The Kerry blue terrier is an Irish dog breed that is also sometimes referred to as the Irish blue terrier, and was originally bred as a vermin control dog, to hunt and destroy pests including rats, rabbits and foxes. Later, the Kerry blue’s versatility meant that it became more of a general purpose working dog, used for roles including guarding, and herding sheep and cattle. While today, the Kerry blue terrier has been exported all over the world, they are one of the less common terrier breeds, although they are not at the time of writing classed as a vulnerable native breed.
The Kerry blue terrier stands up to 19” tall at the withers, and can weigh up to 15kg. Puppies of the breed are black at birth, and only develop their full blue colour as they age, with their full and final coat colour not being achieved until the dog is around two years old.
Their fur is wavy and very soft, without an undercoat, and with a very fine texture similar to human hair. They only shed their hair very lightly, and so they require regular grooming to keep their coats in good condition, as well as trimming and clipping to manage the length of their fur.
If you are wondering if the Kerry blue terrier might be a good choice of dog for you, in this article we will cover the temperament and main traits of the breed in more detail. Read on to learn more.
The Kerry blue terrier is an active, lively and spirited dog that is sure to keep you on your toes, but assuming that you can earn the dog’s respect and trust, you will have a friend for life. They are very loyal dogs once they have bonded with you, and are also good with other people and almost universally gentle with children, but they can be problematic with other dogs.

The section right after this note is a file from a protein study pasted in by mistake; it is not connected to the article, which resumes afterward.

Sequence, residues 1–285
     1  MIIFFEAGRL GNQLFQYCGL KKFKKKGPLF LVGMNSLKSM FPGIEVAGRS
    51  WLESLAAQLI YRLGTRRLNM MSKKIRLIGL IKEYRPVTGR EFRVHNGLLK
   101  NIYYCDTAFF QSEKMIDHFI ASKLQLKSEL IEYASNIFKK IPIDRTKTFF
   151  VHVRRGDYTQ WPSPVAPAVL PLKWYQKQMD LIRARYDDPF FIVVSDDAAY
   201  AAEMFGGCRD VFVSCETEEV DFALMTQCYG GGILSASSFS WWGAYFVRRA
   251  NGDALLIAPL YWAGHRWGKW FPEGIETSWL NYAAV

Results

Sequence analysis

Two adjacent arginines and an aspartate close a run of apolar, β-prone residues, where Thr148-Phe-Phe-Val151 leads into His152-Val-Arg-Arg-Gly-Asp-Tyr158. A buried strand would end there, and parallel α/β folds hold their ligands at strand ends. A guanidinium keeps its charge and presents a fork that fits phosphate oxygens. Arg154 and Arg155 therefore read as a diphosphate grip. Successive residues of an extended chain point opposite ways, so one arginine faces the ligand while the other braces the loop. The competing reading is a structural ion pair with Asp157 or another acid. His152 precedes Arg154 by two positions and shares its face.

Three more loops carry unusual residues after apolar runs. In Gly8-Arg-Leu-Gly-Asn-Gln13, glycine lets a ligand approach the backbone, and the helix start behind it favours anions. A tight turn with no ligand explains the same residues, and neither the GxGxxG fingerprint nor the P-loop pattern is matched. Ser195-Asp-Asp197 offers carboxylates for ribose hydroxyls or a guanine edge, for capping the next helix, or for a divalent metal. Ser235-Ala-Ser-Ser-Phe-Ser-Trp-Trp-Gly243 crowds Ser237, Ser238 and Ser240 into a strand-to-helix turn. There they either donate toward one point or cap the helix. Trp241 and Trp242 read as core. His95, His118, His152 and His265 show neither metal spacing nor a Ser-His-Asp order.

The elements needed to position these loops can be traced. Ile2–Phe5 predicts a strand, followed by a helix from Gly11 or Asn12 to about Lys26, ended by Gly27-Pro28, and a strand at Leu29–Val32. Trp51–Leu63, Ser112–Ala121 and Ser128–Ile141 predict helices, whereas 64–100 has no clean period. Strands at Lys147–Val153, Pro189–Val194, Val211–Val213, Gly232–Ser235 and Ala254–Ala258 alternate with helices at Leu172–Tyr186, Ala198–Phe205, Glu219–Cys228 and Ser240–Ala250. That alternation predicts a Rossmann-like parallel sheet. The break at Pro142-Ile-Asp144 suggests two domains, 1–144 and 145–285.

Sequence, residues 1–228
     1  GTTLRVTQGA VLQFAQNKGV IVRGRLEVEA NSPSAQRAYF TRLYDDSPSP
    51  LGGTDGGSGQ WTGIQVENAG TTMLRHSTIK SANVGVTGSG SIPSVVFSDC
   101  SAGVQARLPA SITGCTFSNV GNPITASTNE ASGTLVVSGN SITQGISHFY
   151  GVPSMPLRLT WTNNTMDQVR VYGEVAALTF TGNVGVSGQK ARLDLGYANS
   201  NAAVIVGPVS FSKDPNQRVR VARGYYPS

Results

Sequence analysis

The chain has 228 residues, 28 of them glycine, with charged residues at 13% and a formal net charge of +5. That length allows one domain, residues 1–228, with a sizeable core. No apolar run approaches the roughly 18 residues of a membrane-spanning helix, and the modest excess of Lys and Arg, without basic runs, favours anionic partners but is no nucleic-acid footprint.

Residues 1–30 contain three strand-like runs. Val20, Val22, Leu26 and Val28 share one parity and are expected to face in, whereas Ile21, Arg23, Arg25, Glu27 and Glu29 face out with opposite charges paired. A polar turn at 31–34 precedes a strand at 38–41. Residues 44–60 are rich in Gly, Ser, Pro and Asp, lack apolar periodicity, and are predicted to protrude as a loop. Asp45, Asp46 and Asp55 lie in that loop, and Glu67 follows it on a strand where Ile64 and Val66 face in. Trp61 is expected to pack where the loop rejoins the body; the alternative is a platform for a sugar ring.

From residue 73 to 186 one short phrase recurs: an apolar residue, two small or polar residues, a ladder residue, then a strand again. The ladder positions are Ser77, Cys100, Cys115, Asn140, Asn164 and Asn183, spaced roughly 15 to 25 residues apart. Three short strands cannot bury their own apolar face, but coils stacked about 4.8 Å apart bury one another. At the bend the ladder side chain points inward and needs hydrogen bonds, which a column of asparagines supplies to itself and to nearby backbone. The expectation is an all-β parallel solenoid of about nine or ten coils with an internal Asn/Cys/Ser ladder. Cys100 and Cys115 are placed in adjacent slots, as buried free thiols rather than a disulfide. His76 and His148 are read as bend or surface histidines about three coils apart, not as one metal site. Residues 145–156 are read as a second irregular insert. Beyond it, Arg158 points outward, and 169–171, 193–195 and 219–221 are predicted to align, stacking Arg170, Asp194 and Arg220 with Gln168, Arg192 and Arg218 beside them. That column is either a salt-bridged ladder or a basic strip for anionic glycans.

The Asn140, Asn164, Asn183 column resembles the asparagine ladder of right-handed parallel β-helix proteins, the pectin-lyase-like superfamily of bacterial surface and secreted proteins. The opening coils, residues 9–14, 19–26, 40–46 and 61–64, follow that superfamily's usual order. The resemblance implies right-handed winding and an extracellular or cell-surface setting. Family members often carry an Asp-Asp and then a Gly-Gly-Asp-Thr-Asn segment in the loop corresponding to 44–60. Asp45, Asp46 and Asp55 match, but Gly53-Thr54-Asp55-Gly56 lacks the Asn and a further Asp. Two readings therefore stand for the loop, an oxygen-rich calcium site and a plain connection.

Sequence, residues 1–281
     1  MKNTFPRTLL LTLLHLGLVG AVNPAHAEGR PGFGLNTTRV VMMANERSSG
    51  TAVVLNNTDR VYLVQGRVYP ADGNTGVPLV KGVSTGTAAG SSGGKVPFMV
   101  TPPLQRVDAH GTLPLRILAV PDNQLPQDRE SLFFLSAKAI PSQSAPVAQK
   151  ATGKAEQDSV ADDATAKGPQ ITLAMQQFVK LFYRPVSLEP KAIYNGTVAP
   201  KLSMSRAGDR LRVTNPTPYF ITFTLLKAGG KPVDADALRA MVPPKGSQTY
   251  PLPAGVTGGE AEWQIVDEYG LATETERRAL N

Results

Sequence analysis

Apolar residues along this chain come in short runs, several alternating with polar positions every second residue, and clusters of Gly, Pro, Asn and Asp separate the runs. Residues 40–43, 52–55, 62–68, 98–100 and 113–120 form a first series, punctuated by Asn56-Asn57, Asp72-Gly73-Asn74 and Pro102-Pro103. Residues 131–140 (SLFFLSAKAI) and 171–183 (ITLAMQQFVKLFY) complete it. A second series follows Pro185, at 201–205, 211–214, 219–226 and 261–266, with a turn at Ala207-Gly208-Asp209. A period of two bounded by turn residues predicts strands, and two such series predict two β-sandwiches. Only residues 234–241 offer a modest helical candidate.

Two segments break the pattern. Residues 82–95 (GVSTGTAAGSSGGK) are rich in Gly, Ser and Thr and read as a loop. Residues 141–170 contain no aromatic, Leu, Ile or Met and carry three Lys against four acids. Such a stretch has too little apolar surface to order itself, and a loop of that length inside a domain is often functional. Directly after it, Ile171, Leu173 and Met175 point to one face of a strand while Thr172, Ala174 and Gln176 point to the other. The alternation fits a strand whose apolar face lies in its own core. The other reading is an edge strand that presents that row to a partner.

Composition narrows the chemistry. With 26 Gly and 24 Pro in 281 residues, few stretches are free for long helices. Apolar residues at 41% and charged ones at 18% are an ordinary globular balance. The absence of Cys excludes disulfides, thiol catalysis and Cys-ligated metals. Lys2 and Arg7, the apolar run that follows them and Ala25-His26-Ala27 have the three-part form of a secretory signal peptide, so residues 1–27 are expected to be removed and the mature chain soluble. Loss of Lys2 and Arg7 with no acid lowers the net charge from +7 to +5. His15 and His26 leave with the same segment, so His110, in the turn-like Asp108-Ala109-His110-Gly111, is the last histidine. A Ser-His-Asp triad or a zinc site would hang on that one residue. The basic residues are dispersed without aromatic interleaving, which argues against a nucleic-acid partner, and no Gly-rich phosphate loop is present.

They are bold, confident and can be stubborn, and may not be a good pick for the first time dog owner, or those who are unfamiliar with the traits of the terrier. They like to be active and have a role to fulfil, and require plenty of both mental and physical stimulation to keep them happy.
The Kerry blue terrier needs to be able to both play and run off the lead, and be walked on the lead several times per day, and they are lively, energetic dogs that like to be outside. They have relatively high exercise requirements, and do not thrive within a sedentary lifestyle.
Good, effective early training of the Kerry blue is vital in order to ensure that the dog is responsive and well behaved when they are fully grown, and while they are bright, intelligent dogs, they can be a challenge to train. They are prone to stubbornness, and can be unruly when they are full of beans, and so catching and retaining their attention is vital for successful training.
When properly trained and managed, the Kerry blue is quick, tenacious and bright, and is a good fit for roles including dog agility, herding, and obedience classes. Historically used as police dogs in Ireland, the Kerry blue terrier does have a history of a slight predisposition to aggression, something that selective breeding has worked hard to breed out of the modern variant of the dog.
The Kerry blue terrier has a very strong prey drive, and will naturally hunt and pursue all manner of smaller animals without having to be taught to do so. This means that they may, if poorly managed, pose a significant threat to wildlife and even domestic pets such as cats. Good recall training, supervision when off the lead and muzzling if the dog displays a heightened propensity to chase other animals is essential.
Early socialisation with other dogs is hugely important for the breed, as they do have a tendency to be dominant and sometimes aggressive with other dogs, particularly strange dogs, if this is not achieved. When properly socialised as a puppy, however, the Kerry blue terrier is usually ok with other dogs, and may be able to live happily with another dog too.
The Kerry blue terrier requires an experienced owner that knows how to manage a challenging, intelligent dog, with all of the core terrier traits. They are notably very kind and gentle with children, and so could be a good fit for families with children of virtually any age.
They require lots of exercise, supervision and interaction with their families, and do best when they have a job to do and a role to fulfil, such as a working role, or participation in a canine sport. They are not among the easiest of breeds to own and manage, but are infinitely rewarding and very loyal when the balance is right.